The screen shown in Fig. 6 is the human-machine interface programmed by using Embedded Visual Basic 3.0 language. After the whole system completes the communication connection, one can push a display button to send a command to control the measuring circuit and to display the received data on the PDA screen. The displayed parameters include Data Serial, Heart Rate and Temperature. The waveforms will be displayed in the middle of the screen. The function keys include: START, CLEAR, STOP, END, PCG, ECG, and TEMP, . The details of the function keys are explained as follows: (a)Data Serial: Indicate the total data amount received up to now. (b)Heart Rate: Indicate the heartbeat value, in the unit of BPM (beats per minute). (c)Temperature: Indicate the latest body temperature value. (d)START:Start up the measuring hardware. (e)CLEAR:Clear the display. (f)STOP:System halts temporarily. (g)END:Terminate system operation. (h)PCG:Display the phonocardiogram. (i)ECG: Display the electrocardiogram. (j)TEMP.:Display the body temperature distribution condition. Fig. 7 is the actual look of the proposed measuring system A B C . The transmitting end includes circuits for measuring ECG, PCG, the body temperature, and a bluetooth module. The receiving end, including the receiving circuit ( E ), a PDA palmtype computer ( D ) and a bluetooth module, uses UART interface to proceed with data transmission. The current system has completed the tests and operates successfully, as shown in Figs. 8-10, which represents the actual measurement displays for ECG, PCG and the body temperature.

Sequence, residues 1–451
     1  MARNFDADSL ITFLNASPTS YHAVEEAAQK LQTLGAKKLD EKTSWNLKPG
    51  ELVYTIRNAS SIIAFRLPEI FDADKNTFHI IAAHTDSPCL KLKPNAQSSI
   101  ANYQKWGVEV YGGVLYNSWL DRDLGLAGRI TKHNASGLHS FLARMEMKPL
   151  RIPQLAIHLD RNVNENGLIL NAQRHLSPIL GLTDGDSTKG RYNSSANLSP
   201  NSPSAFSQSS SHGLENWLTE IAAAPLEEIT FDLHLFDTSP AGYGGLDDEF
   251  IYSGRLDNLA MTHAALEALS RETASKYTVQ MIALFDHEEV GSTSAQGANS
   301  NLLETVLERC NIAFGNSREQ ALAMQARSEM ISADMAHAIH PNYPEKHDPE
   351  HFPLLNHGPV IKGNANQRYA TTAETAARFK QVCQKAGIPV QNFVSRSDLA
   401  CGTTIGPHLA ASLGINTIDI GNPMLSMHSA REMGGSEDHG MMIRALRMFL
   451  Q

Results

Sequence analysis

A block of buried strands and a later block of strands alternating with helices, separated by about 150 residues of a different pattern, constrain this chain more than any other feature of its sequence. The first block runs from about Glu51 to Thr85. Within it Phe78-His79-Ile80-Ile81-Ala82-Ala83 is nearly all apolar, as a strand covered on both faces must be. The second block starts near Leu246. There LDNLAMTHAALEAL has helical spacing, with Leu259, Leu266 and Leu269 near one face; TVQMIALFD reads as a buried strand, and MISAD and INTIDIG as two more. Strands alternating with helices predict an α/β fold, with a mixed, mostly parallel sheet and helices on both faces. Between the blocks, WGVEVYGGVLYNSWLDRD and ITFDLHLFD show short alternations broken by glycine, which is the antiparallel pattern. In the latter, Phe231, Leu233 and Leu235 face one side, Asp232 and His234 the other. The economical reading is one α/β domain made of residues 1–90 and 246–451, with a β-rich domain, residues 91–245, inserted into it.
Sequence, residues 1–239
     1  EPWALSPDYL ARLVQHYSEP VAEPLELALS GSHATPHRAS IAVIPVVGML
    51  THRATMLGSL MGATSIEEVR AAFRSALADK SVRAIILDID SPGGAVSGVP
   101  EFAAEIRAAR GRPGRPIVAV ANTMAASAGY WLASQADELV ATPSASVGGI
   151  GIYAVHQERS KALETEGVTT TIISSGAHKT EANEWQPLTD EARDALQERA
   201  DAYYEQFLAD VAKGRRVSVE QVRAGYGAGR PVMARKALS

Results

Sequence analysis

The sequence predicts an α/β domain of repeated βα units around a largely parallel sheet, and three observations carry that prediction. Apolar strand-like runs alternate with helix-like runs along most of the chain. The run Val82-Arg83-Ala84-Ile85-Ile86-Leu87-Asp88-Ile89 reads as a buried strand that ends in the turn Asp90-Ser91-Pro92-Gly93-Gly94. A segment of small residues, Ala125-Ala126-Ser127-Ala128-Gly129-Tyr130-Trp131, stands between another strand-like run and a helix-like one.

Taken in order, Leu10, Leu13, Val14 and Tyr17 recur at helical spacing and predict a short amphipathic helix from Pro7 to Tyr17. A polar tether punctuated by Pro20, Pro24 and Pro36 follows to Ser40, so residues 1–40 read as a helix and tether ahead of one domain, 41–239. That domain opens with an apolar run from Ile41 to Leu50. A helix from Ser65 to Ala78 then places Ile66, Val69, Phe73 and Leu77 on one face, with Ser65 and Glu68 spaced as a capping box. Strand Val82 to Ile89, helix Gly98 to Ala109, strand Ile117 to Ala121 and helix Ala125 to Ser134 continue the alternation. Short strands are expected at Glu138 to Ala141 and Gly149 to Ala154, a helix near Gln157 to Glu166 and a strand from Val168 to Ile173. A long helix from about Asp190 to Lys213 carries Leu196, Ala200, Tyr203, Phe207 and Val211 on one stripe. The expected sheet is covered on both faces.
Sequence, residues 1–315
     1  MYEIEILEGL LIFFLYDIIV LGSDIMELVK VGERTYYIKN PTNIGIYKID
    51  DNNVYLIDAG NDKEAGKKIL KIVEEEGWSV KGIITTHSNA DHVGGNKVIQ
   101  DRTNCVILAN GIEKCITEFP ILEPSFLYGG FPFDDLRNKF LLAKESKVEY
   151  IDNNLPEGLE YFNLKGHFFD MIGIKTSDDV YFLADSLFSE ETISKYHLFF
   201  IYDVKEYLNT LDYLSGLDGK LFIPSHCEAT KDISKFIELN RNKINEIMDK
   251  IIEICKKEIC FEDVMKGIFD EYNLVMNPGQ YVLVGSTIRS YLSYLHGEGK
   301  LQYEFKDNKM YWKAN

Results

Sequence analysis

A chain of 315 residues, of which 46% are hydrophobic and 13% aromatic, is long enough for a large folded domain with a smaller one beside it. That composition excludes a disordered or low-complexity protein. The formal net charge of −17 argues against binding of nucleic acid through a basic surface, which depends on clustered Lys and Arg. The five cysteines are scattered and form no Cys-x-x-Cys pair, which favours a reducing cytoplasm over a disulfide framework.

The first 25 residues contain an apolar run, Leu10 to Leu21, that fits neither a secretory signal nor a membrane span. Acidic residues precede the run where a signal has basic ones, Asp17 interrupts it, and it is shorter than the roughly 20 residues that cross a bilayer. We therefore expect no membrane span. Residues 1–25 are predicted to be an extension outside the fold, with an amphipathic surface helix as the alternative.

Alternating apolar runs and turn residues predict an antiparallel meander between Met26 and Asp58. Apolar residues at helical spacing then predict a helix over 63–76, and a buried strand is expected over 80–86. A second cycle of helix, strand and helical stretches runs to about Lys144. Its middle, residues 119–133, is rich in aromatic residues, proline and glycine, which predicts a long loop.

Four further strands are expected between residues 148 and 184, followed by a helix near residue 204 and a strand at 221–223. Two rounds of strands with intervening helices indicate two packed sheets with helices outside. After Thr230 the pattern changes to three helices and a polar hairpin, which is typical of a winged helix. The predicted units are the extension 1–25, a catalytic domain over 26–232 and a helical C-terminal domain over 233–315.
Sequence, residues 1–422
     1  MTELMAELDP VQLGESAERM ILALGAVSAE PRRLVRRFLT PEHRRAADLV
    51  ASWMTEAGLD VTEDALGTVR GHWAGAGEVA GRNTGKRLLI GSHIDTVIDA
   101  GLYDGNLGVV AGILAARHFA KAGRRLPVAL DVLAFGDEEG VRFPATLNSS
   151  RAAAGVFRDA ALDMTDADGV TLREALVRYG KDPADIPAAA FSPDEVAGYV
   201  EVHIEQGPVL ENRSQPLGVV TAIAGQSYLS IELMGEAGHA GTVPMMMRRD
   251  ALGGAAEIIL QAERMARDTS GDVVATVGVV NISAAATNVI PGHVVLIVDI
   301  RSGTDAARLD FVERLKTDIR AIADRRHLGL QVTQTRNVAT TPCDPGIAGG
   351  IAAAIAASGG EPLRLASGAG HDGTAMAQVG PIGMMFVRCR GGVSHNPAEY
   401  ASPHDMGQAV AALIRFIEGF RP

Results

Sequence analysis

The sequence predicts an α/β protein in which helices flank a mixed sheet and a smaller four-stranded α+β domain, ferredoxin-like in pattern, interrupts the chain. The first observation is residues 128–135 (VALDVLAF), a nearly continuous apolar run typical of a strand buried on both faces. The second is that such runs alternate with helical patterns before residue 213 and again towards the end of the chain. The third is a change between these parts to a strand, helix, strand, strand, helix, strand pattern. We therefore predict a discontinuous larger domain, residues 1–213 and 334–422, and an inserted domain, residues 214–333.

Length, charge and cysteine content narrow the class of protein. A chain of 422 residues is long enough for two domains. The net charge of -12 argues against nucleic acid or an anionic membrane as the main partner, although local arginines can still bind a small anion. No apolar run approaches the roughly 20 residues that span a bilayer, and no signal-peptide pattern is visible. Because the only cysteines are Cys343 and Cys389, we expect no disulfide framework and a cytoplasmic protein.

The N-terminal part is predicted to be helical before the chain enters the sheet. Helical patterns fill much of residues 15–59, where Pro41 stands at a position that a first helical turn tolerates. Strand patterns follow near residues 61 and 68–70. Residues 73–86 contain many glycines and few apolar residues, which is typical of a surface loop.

Fig 3. The CSR bluetooth module. code of reset to the bluetooth module to return it to its initial setting, then enable inquiry and page scan functions, and the like, to start the bluetooth module's searching function. Then, we set the time for timeout. If the master-slave communication connection is not completed within a few seconds, the searching must be terminated. After completing the above settings, proceed with the communication connection if the master-end module successfully searches out a slave module. Should it fails, return to the previous step, and repeat this continuously until it succeeds. Once the master and slave modules complete their communication, they will transmit data to each other.

2.3 Calibration
(a) Calibrate the ECG detection and measuring circuit: Apply a 1-mV pulse at the input end to simulate an ECG signal. This system uses an HP 33120A function generator to generate a calibration signal. (b) Calibrate the PCG detection and measuring circuit: The frequency range of the heart sound is approximately 20 to 200 Hz. We, hence, can use a